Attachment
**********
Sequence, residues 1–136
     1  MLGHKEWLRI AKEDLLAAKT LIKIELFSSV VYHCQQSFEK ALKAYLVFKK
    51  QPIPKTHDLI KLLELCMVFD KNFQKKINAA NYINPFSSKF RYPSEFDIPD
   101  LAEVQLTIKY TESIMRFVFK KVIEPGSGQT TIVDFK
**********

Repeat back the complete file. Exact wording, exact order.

Sequence, residues 1–136
     1  MLGHKEWLRI AKEDLLAAKT LIKIELFSSV VYHCQQSFEK ALKAYLVFKK
    51  QPIPKTHDLI KLLELCMVFD KNFQKKINAA NYINPFSSKF RYPSEFDIPD
   101  LAEVQLTIKY TESIMRFVFK KVIEPGSGQT TIVDFK